22. 22.
    Arbogast S, Beuvin M, Fraysse B, Zhou H, Muntoni F, Ferreiro A (2009) Oxidative stress in SEPN1-related myopathy: from pathophysiology to treatment. Ann Neurol 65(6):677–686PubMedCrossRefGoogle Scholar

Copyright information

© Springer-Verlag Berlin Heidelberg 2013

Authors and Affiliations

  • Sissel Løseth
    • 1
    • 2
  • Nicol C. Voermans
    • 3
  • Torberg Torbergsen
    • 1
  • Sue Lillis
    • 4
  • Christoffer Jonsrud
    • 5
  • Sigurd Lindal
    • 6
    • 7
  • Erik-Jan Kamsteeg
    • 8
  • Martin Lammens
    • 9
  • Marcus Broman
    • 10
  • Gabriele Dekomien
    • 11
  • Paul Maddison
    • 12
  • Francesco Muntoni
    • 13
  • Caroline Sewry
    • 13
  • Aleksandar Radunovic
    • 14
  • Marianne de Visser
    • 15
  • Volker Straub
    • 16
  • Baziel van Engelen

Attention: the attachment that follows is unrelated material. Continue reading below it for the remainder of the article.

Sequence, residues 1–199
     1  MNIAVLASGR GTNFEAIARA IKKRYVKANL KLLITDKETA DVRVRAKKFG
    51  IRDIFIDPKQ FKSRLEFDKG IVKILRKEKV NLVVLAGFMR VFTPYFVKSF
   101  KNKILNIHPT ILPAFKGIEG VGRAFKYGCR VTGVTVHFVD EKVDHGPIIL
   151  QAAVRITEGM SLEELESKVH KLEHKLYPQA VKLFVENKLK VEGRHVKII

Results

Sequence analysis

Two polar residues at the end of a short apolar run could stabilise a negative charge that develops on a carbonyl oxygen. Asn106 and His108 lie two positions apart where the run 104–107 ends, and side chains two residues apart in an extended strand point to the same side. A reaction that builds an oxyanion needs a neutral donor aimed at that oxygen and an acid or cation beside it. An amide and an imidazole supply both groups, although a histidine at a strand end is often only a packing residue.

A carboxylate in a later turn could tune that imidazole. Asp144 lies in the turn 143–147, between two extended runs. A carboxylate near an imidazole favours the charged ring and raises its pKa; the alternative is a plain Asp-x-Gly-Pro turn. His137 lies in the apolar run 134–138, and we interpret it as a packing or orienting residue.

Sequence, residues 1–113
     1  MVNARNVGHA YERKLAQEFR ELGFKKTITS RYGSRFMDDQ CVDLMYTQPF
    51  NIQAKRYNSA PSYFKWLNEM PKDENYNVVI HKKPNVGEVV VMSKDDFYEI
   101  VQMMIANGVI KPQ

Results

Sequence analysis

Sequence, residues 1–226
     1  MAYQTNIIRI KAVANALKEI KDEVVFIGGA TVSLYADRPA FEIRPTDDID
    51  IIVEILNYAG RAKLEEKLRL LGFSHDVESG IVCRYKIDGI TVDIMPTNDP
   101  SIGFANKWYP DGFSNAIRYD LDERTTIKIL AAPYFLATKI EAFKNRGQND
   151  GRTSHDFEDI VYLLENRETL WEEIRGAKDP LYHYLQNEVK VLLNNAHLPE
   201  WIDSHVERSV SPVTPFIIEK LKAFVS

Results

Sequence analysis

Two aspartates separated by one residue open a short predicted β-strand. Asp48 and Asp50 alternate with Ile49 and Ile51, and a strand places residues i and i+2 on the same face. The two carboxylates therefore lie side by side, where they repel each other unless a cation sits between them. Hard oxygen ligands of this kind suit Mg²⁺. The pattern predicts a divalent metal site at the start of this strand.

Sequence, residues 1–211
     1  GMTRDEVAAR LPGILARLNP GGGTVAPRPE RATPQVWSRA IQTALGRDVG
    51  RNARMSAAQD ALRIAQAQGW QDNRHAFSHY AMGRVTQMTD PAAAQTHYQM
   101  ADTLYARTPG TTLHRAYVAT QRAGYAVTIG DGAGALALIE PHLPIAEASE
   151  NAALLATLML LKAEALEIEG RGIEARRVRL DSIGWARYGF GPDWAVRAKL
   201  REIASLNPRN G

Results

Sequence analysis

• 3
  • Heinz Jungbluth
    • 17
    • 18
    • 19
    Email author
  1. 1.Department of Neurology and NeurophysiologyUniversity Hospital of North NorwayTromsøNorway
  2. 2.Department of Clinical MedicineUniversity of TromsøTromsøNorway
  3. 3.Department of NeurologyRadboud University Nijmegen Medical CentreNijmegenThe Netherlands
  4. 4.Diagnostic DNA Laboratory, GSTS PathologyLondonUK
  5. 5.Department of Medical GeneticsUniversity Hospital of North NorwayTromsøNorway
  6. 6.Department of PathologyUniversity Hospital of North NorwayTromsøNorway
  7. 7.Department of Medical BiologyUniversity of TromsøTromsøNorway
  8. 8.Department of Human GeneticsRadboud University Nijmegen Medical CentreNijmegenThe Netherlands
  9. 9.Department of PathologyRadboud University Nijmegen Medical CentreNijmegenThe Netherlands